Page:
The farmers have drawn a new chapter in the annals of people’s movement in independent India. Facing all odds and provocations they have led a peaceful and disciplined struggle in all the outskirts of the national capital. When the annadatas of the country were prevented by the government from entering the national capital, they remained at the outskirts of Delhi. Concrete barricades, thorny iron fences and powerful water cannons, iron rods and lathis, everything was used by the government to push them back and to make them unruly. But they have remained peaceful all along. A new culture of militant and disciplined mass protest was evolved by them.
All the forms of struggle they adopted including the tractor march were something new to the country. On January 26, they announced a farmers’ parade. This parade will not be on military tanks but on farmers tractors. Peaceful and disciplined, it is going to be a new experience to the nation. From South and North, farmers, workers, students, youth and women are streaming down to Delhi to share the experience of the struggle. A solidarity March has been planned by the AIYF and AISF from Champaran to Delhi. The caption of that march symbolizes people’s mood- ‘From Champaran to India’s heart!’ Yes, India’s heart is beating at those borders. This struggle has become India’s struggle.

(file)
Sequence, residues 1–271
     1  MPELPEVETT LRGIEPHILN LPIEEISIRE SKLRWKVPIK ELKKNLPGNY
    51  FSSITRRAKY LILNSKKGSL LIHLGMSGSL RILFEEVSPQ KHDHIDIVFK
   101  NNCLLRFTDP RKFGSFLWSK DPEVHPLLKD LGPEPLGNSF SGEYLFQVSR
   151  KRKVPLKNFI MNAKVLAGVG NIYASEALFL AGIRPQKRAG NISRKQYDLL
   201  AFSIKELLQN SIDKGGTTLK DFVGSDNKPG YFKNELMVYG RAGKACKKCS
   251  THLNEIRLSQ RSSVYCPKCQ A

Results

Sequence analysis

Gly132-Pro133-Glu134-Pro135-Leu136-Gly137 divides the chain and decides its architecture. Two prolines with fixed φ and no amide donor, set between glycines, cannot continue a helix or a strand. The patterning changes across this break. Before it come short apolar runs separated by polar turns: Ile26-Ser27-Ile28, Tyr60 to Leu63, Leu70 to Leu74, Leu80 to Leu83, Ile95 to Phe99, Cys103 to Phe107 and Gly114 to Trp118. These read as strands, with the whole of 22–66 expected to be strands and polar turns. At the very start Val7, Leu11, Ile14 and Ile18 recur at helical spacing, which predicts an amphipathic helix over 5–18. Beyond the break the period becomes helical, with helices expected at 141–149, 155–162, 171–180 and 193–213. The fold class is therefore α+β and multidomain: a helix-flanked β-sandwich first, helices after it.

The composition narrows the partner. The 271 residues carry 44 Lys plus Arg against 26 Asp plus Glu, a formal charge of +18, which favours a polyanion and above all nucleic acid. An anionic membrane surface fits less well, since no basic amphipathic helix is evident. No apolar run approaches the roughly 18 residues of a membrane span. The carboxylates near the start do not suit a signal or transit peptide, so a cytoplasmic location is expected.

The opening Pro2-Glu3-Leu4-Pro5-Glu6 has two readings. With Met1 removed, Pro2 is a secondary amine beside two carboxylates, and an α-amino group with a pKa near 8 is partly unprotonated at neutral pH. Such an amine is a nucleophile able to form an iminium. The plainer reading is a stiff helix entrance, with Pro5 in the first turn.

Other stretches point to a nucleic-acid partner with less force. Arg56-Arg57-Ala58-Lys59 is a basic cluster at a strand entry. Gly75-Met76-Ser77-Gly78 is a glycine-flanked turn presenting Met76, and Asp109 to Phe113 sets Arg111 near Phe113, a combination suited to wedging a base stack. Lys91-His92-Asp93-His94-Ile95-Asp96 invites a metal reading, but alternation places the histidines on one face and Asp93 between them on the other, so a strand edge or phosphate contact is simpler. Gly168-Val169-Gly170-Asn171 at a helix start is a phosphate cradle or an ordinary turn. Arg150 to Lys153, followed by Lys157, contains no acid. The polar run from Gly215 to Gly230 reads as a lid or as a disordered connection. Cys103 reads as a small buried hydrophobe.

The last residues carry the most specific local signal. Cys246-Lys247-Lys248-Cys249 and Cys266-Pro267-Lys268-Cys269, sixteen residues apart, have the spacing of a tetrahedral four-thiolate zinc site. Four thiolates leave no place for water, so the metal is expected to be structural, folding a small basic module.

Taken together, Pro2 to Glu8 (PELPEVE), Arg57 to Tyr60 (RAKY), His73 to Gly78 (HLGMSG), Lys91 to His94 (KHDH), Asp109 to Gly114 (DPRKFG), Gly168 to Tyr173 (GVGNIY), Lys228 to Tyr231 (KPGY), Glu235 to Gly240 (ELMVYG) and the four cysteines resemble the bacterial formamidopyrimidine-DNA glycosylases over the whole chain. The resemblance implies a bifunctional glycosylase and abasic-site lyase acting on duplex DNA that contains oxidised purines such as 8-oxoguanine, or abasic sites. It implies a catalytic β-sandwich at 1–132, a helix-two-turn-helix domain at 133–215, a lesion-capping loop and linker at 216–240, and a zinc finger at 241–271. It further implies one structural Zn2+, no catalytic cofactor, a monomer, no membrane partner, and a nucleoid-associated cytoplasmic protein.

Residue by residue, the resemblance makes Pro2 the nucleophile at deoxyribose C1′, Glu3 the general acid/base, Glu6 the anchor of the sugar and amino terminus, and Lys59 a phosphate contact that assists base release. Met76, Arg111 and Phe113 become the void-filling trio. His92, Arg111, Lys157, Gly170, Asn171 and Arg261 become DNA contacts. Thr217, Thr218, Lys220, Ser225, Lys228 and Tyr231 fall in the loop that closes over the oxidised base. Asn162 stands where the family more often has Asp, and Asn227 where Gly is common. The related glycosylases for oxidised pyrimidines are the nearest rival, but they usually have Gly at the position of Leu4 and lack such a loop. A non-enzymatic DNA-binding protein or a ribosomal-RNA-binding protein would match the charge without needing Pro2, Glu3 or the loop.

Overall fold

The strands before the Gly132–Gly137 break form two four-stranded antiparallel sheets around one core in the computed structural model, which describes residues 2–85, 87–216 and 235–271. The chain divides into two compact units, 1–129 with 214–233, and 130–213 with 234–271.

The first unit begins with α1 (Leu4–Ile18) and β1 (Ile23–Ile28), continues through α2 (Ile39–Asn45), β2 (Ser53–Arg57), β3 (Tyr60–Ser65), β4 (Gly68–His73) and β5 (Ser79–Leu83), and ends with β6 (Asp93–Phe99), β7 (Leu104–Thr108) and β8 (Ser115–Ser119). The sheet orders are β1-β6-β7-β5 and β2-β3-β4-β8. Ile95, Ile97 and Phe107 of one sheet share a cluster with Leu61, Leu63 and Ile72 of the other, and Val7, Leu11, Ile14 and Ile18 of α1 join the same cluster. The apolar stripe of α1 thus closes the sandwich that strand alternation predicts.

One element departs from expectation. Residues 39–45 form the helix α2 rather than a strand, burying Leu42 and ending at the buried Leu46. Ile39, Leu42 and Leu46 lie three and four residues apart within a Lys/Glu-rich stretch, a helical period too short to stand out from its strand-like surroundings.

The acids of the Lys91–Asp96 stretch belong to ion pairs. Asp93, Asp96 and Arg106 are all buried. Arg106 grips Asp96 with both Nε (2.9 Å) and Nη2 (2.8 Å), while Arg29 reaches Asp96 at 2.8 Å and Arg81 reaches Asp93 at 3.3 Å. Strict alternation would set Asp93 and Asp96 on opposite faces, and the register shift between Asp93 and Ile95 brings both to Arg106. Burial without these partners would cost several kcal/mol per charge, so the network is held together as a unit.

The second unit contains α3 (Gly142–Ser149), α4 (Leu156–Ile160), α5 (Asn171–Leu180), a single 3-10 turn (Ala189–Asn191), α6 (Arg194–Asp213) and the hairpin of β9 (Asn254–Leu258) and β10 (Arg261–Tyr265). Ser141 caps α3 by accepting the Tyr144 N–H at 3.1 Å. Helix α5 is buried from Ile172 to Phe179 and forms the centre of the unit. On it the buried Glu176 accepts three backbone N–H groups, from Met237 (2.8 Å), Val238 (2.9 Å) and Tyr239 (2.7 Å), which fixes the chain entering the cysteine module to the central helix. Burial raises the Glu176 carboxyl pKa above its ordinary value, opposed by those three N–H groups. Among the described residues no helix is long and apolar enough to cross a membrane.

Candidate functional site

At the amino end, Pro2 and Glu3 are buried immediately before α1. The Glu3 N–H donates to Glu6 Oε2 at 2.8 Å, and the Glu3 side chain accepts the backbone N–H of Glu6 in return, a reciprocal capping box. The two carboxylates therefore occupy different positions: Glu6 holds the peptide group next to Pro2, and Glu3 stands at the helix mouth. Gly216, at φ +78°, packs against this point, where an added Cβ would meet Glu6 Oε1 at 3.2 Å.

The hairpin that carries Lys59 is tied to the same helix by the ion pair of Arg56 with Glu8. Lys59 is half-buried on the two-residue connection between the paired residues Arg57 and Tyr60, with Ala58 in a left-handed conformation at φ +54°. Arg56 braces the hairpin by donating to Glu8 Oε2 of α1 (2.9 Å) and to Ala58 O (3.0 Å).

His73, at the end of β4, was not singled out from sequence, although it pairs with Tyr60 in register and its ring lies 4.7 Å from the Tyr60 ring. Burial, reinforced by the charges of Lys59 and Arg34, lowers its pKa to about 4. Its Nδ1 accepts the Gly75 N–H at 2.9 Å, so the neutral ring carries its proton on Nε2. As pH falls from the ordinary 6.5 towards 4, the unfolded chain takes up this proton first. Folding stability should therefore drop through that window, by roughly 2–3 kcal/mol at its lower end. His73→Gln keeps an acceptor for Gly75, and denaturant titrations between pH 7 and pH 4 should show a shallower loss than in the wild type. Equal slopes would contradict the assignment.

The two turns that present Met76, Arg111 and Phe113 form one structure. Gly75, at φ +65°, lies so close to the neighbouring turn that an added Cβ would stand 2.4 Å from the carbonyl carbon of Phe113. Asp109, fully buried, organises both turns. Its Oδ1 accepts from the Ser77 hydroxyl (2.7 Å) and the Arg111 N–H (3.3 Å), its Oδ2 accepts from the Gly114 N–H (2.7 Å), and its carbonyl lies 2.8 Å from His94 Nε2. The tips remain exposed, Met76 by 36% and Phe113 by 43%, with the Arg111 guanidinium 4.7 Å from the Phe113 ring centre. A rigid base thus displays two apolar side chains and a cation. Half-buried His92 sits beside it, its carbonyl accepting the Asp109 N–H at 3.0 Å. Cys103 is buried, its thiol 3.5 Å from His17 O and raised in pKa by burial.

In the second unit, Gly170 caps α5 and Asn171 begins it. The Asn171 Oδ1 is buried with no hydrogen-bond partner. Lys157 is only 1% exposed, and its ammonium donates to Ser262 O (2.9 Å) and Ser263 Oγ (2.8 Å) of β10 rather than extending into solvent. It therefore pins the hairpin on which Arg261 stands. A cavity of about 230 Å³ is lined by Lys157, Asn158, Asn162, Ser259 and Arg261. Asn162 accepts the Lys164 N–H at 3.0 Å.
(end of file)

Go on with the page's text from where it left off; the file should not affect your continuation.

It is high time that the government should understand the urge of the people to settle the farmers’ struggle. The way is to repeal the anti -national, anti-farmer laws. The budget session of the Parliament is to begin on January 29. The farmers struggle should be taken as the most important agenda in the business of the Parliament. The Parliament in a democracy is duty bound to act in tune with the interests of its people. Annadatas, the people who feed the nation, should be given utmost priority. When they are on the streets for months together the government and the Parliament have no right to go ahead as if nothing has happened. The government should rise to the occasion and take necessary constitutional and parliamentary procedures for repealing the three bills that have caused an unprecedented and peculiar situation in the country. (IPA Service)